No Longer Growing Up

Now I'm growing in

Damn if I don’t feel like a grown-ass woman today, after a week that included a termite infestation that brought down the bathroom ceiling, finding out that some ePerv called my fifteen-year-old on her phone and said Very Bad Things, and getting my identity stolen.

This very same week also contained these events: I was asked to give a motivational speech for the incoming freshman class of a big university (wait, what?), I handily threw together a casual yet elegant dinner party, and I got to make a young Kenyan woman’s dreams come true by inviting her to speak on a panel about Youth Reproductive Health in New York City.

Are You There God? It’s me, Manya

I was one of those girls who was keen to grow up fast. I wore a sad little bra long before I needed one and loaded responsibility on my skinny little shoulders, enjoying the way the weight made me feel grounded and important. I was president of this and that, reliable as hell, and very interested in boys. I ran headlong toward responsibility, taking on New York as a magazine editor, then serving in the Peace Corps. I met a boy from my village and became an adoptive mom and breadwinner for a little family at the age of twenty-five. I convinced people to give me jobs that I was too young for, and saw things that people should maybe never see. At twenty-six I set up a house and a life, all by myself, in Abidjan, Côte d’Ivoire, and then ran away from that house with my little family when the country descended into war. I lived my twenties hard. Not alcohol and sex and fun hard. It was more push limits, climb fast, hold dying people in your arms hard.

Looking back, the naiveté behind my self-assurance, the recklessness of my abandon, makes me cringe a bit, though I can’t help but admire that young woman’s spirit. Was I a grown-up then?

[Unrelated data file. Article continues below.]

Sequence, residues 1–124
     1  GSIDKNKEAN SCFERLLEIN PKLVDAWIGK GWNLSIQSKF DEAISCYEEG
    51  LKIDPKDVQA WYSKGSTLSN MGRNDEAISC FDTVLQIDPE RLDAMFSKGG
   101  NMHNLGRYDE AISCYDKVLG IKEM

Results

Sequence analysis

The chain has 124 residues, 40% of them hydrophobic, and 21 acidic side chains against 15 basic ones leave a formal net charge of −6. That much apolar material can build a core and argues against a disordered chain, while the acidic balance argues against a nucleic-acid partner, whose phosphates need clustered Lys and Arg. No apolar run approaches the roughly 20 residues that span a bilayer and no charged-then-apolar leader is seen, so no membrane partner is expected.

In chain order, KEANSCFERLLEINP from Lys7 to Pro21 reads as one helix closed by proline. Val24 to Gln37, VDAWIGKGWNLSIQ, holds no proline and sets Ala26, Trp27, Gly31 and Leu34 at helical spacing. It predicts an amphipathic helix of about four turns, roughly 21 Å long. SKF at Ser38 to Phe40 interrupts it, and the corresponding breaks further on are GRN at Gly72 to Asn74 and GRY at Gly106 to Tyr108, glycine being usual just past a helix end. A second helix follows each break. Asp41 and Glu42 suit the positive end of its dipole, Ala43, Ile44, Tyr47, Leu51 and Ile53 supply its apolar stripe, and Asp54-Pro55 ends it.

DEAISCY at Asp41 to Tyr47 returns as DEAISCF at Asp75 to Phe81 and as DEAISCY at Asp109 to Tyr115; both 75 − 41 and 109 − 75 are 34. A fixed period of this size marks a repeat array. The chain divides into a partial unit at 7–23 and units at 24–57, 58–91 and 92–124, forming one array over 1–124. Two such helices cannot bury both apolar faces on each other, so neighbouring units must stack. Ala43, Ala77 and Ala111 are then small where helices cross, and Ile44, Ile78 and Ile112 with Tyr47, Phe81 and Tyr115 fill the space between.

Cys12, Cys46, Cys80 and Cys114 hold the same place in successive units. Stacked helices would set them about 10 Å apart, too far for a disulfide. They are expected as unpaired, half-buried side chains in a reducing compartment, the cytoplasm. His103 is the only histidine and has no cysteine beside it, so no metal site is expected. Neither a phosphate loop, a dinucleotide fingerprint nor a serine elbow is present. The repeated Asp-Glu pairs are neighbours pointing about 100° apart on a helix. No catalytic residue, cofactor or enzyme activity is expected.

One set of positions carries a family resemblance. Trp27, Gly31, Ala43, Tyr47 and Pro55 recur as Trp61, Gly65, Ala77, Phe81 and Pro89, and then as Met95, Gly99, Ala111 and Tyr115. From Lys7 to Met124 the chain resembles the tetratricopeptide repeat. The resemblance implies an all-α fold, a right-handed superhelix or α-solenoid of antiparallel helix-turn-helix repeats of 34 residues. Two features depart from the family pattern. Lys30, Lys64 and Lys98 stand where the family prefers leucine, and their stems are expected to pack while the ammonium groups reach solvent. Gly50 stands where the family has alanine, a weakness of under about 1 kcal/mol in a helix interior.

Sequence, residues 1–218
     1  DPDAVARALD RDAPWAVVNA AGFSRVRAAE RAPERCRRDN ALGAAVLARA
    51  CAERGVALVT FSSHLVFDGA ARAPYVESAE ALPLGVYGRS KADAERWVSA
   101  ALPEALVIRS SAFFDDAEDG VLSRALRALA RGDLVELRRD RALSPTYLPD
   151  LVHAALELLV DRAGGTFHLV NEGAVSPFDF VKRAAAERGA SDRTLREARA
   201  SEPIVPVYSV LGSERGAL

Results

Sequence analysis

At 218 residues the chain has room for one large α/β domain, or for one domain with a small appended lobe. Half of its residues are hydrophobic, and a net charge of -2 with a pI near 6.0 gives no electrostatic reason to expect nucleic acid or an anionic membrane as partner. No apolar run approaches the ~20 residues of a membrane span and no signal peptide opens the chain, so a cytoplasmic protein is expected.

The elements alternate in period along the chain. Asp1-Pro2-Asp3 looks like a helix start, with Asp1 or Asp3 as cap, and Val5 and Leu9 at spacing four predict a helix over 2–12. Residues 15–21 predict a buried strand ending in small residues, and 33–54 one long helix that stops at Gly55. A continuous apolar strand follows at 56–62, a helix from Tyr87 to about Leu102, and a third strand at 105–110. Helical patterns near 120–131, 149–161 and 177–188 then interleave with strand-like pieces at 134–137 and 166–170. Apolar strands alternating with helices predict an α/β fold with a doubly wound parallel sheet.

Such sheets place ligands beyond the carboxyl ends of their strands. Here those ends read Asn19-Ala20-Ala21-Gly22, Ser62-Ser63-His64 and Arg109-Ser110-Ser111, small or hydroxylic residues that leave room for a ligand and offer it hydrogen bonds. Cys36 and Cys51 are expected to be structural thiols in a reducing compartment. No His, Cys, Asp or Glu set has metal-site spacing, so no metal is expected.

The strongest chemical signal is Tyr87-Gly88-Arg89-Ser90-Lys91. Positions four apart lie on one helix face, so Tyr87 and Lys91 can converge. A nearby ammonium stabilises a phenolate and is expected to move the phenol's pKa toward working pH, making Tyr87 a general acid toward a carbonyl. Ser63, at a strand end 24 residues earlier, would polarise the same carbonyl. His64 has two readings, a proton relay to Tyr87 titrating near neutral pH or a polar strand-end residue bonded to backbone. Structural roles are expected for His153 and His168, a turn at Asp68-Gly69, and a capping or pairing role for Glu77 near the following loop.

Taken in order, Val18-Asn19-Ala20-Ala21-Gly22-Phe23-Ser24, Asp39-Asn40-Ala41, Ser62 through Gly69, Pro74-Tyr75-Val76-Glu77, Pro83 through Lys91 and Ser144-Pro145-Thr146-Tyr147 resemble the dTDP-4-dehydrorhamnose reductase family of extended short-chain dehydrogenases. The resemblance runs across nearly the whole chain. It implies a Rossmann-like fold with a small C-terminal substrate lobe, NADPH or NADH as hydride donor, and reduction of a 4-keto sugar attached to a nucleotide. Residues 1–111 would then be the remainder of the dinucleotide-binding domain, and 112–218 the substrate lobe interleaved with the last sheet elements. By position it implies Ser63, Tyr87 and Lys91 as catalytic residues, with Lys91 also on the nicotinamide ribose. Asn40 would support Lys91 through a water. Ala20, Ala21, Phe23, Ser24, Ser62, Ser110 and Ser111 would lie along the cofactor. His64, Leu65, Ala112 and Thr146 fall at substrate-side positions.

By the time I reached thirty-five, I had two kids, had been married and separated, and was making my own life on my own terms in Togo, then Kenya. I had switched careers twice, started my own business, and made ends meet for me and my girls. I was head over heels in love with my now-husband and planning our wedding. Was I a grown-up then?

From the outside, I have been a grown-up for a very long time. But from the inside, I feel like something inside of me has shifted only recently. I do not feel as if I have Arrived anywhere particular, but I no longer feel like I am “growing up.”

Defying Gravity

Growing up connotes climbing, altitude, higher ground. Grown-ups get stuff off of literal and proverbial shelves. They see over the tops of walls. They rise above petty things. If energy is the hallmark of youth, clarity seems to be the gift of adulthood.

Until recently, my life had been an exercise in discovery through expansion—the pursuit of breadth. I threw a lot of spaghetti against the wall hoping that some of it would stick and I would discover my superpowers and passions, the limits of my strength and the foundational elements of my character.

But now, at thirty-nine, something is shifting. While I still learn things about myself, the epiphanies aren’t coming quite so fast and hard. My discoveries are more nuanced, more complex, less EPIC. I feel like right now I am growing in and around, developing a vast and intricate root system to match the quivering tender branches that once reached higher and higher, chasing the sun.